Group Exhibition: Theater of the Absurd (September 2017 - January 2018)
“Energy and motion made visible – memories arrested in space”―Jackson Pollock
In this group exhibition, five female artists from Belgium, Brazil, India, Russia and Spain explore the relationship between abstract art and architecture. Look closely at Nika Neelova’s Leminiscate and you will notice that the sculptural work is composed of pieces of wooden banister handrails a material that bares traces of the many hands that touched it over the years.
Location: Warehouse 28
Thameur Mejri: Heretic Spaces (September 2017 - January 2018)
“There was no telling who this head, or this leg, or that arm, belonged to...So I scattered the limbs in my painting and realized that in this way I was getting much closer to the truth than Michelangelo did”—Fernand Legér
Mejri’s experimental style that draws on painting, drawing, and video practices to examine how social, political and cultural dynamics in the Arab world, and especially Tunisia, are projected on the male body through images in mass media.
Location: Warehouse 23
Michael John Whelan: The Good Soil (8 November - 30 December 2017)
“To me, a story can be both concrete and abstract, or a concrete story can hold abstractions. And abstractions are things that really can't be said so well with words”—David Lynch
Irish multi-disciplinary artist Whelan examines our relationship with nature and how short-sighted and destructive they can be through his new film. In order to communicate his extensive research and complex ideas, he relies on the elements of the through film, which is central to the exhibition, diverse places and people are brought together in a voiceover-led journey. Amongst others, the locations include the Svalbard Global Seed Vault, the oldest non-clonal trees in Europe and a coin tree in England that was poisoned by generations of votive offerings. The voice of renowned paleobiologist George Poinar Jr., who discovered the oldest ever plant sample in amber, accompanies the striking imagery. His research was the inspiration for the Jurassic Park novel and subsequent films.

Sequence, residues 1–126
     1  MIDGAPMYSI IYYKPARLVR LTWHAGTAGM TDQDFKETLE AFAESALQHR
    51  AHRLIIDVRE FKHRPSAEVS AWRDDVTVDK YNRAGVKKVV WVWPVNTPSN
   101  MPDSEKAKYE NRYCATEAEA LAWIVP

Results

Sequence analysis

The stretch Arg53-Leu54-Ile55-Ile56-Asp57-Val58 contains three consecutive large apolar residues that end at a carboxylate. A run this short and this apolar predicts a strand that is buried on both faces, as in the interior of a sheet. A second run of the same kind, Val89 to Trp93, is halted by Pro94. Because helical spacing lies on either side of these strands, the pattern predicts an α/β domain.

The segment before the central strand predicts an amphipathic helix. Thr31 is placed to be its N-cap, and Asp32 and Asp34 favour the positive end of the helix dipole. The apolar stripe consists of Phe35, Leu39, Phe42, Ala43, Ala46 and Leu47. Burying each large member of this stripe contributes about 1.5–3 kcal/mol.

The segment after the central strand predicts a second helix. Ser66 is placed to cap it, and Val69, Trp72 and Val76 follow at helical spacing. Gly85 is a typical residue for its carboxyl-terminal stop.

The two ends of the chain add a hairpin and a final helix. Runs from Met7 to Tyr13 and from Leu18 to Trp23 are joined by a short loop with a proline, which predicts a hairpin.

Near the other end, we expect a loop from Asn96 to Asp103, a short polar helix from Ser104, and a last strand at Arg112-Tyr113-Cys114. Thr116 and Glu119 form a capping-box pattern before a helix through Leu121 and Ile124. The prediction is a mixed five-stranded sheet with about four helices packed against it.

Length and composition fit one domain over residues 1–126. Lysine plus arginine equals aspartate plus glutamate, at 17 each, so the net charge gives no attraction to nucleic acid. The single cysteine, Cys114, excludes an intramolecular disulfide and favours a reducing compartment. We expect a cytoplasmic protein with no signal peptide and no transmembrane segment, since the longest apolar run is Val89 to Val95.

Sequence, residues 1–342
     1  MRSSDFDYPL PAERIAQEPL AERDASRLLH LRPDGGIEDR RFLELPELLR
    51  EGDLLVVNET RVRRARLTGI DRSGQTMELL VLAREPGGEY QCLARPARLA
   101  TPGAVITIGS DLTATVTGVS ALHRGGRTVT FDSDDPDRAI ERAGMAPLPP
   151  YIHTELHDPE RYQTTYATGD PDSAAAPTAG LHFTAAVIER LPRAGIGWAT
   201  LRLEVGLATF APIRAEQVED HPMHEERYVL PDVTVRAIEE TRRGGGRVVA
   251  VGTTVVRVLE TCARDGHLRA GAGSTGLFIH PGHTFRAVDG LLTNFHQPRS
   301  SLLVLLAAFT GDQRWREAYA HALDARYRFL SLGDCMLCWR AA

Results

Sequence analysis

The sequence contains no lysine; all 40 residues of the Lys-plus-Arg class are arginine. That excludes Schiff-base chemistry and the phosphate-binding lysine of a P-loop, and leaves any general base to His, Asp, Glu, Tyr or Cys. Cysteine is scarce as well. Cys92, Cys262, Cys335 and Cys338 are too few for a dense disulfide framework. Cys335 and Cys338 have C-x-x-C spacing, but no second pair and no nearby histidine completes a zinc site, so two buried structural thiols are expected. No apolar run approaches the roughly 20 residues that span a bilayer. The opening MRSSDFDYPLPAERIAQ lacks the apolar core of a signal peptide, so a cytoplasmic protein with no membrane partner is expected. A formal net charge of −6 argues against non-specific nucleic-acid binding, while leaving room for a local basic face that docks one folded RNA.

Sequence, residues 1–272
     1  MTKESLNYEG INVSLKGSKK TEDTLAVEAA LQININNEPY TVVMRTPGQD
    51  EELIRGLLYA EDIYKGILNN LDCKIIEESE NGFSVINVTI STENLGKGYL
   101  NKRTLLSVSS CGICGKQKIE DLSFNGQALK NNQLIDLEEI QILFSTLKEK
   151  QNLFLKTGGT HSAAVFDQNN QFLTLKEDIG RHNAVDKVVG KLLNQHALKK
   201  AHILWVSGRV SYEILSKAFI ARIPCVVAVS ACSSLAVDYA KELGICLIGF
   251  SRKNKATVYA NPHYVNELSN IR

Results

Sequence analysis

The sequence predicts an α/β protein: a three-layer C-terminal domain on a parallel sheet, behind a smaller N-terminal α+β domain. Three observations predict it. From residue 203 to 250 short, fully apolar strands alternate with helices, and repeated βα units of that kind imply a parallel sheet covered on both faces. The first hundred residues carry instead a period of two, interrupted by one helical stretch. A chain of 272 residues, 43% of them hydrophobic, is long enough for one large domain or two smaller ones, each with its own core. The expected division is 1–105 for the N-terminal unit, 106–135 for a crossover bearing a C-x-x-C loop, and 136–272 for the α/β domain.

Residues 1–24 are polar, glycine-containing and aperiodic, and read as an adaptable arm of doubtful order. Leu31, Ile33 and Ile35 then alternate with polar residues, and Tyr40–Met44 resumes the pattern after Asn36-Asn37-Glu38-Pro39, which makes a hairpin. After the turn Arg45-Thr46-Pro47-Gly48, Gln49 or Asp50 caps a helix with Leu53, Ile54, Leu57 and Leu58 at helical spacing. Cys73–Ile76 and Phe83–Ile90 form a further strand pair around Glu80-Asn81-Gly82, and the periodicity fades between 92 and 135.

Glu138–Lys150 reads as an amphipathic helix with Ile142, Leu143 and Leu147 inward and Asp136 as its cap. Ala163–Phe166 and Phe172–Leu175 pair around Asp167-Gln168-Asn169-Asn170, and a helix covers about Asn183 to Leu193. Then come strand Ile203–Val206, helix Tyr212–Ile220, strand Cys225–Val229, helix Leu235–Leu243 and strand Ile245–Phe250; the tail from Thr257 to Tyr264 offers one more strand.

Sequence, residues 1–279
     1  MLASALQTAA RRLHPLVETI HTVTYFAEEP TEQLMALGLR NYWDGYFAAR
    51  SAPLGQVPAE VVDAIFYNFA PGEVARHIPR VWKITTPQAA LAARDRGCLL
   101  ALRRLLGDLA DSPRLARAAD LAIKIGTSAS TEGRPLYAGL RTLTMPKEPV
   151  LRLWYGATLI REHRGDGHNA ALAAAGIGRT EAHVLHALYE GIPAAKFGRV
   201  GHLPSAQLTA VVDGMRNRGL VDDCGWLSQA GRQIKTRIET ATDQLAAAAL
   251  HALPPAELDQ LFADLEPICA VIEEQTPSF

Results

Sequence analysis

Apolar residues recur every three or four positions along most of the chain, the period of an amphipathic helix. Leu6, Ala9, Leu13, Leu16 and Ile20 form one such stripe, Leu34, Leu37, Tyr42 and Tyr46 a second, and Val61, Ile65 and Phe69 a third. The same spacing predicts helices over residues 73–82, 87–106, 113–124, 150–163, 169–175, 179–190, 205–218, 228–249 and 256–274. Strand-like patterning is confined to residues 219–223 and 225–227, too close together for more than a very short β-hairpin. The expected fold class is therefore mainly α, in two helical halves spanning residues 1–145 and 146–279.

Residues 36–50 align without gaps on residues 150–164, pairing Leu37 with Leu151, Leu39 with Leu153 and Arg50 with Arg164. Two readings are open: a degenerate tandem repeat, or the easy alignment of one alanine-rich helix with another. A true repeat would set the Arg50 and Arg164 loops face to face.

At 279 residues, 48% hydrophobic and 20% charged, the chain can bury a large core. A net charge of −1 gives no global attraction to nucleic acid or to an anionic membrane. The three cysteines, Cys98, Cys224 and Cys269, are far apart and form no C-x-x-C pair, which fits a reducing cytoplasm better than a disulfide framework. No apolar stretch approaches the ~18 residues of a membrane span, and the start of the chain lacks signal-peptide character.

Location: Warehouse 24
Shahpour Pouyan: My Place is the Placeless (6 November 2017 - 1 January 2018)
“Abstraction allows man to see with his mind what he cannot see physically with his eyes”—Arshile Gorky
Iranian-born and New York-based artist Pouyan (b. 1979) translates the results of his genetic ancestry into a series of ceramic domes modeled on various architectural structures from around the world.
Location: Warehouse 21
Gallery Isabelle van den Eynde
mentalKLINIK: Truish (8 November – 30 December 2017)
“The longer you look at an object, the more abstract it becomes, and, ironically, the more real.”—Lucian Freud
Turkish-born and Brussels-based artist duo :mentalKLINIK is a collaboration between Yasemin Baydar (b. 1972) and Birol Demir (b. 1967) How does one gauge the truthiness of something? What you see in this exhibition is perhaps true – or maybe not, and this ambiguity becomes the fuel to question our reality and surroundings. With a keen interest in invisible politics and dynamics that shape our everyday lives, :mentalKLINIK reveal awkward, alien and surreal elements into the exhibition space.
Location: Warehouse 17
Mahnaz Fancy led a curated trail on abstract art around Alserkal Avenue on 11 November 2017. We encourage visitors to recreate this trail and make use of Fancy's notes along the way.